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J Infect Dis. 1999 Sep;180(3):666-72.

Sex differences in longitudinal human immunodeficiency virus type 1 RNA levels among seroconverters.

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  • 1Division of Infectious Diseases, Johns Hopkins University Schoolof Medicine, Baltimore, Maryland 21287, USA.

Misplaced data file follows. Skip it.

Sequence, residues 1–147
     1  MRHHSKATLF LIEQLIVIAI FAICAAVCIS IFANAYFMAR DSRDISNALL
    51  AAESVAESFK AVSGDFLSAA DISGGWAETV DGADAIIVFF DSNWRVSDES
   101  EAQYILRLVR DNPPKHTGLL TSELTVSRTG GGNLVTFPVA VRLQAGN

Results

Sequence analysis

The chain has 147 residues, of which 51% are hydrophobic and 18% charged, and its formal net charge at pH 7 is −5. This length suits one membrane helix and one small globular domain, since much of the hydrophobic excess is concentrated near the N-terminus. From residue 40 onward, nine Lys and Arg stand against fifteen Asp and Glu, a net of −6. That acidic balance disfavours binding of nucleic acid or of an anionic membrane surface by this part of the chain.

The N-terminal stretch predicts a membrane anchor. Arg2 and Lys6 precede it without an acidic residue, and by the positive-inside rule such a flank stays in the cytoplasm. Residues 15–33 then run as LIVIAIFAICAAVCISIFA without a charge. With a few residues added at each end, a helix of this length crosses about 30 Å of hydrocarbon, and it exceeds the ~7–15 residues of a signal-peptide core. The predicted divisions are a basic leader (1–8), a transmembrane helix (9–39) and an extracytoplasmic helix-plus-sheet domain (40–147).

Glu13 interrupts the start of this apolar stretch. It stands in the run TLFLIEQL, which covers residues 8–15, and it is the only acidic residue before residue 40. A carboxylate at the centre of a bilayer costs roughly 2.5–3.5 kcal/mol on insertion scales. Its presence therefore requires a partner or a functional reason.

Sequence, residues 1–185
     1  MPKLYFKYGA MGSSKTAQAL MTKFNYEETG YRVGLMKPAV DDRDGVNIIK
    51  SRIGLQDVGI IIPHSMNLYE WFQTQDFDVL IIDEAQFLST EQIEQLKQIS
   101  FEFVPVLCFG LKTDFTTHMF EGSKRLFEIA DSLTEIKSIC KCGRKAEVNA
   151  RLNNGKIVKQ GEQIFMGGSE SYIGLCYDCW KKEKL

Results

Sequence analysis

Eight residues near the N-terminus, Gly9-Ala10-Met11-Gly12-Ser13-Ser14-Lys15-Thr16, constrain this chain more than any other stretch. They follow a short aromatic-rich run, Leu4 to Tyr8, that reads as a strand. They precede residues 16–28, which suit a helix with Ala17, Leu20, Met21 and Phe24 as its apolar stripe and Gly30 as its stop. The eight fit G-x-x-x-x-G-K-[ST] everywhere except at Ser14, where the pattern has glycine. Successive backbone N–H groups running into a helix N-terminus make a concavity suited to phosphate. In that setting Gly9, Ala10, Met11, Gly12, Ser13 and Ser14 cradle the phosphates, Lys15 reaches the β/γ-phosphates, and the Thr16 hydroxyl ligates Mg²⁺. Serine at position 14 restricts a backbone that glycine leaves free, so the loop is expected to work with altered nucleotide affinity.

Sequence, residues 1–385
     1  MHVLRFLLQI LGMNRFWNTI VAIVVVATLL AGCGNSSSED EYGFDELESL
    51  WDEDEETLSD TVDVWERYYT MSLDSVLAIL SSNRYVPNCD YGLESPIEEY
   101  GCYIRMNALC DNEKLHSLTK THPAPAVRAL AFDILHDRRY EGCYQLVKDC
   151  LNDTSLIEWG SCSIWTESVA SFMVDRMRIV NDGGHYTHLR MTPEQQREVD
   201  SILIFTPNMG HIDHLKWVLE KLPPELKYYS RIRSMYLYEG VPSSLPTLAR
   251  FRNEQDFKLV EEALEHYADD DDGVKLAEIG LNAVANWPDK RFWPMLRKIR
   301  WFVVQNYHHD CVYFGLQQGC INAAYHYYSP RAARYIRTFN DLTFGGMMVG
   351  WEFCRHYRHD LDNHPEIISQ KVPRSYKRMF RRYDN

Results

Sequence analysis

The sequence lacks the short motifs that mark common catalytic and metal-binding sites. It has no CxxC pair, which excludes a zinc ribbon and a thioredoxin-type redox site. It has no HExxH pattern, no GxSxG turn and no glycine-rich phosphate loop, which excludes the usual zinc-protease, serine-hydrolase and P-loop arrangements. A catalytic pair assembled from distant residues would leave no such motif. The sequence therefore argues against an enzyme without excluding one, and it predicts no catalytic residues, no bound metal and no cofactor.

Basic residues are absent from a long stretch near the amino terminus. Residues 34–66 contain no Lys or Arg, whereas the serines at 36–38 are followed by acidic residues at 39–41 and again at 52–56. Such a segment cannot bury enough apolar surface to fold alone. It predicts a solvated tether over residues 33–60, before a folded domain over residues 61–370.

Cross-sectional studies have demonstrated lower plasma human immunodeficiency virus type 1 (HIV-1) RNA virus levels (VLs) in women than in men, but it is unknown whether this sex difference is present at the time of seroconversion and throughout the course of infection. A nested case-control study was performed among HIV-1 seroconverters within a cohort of injection drug users. Plasma VL was determined longitudinally among both rapid progressors to AIDS (24 patients) and nonprogressors (47 controls). The initial median VL among female patients (n=10) was 14,918 copies/mL, compared with 148,354 copies/mL among male patients (n=14; P=.001); median plasma VL also tended to be lower among female (n=10) than among male controls (n=37; 11,917 vs. 61,311 copies/mL; P=.08). VL increased more rapidly over time in women than in men and subsequently converged in patients and controls, respectively. Understanding the mechanisms responsible for the sex difference in VL may provide insight into HIV-1 pathogenesis.

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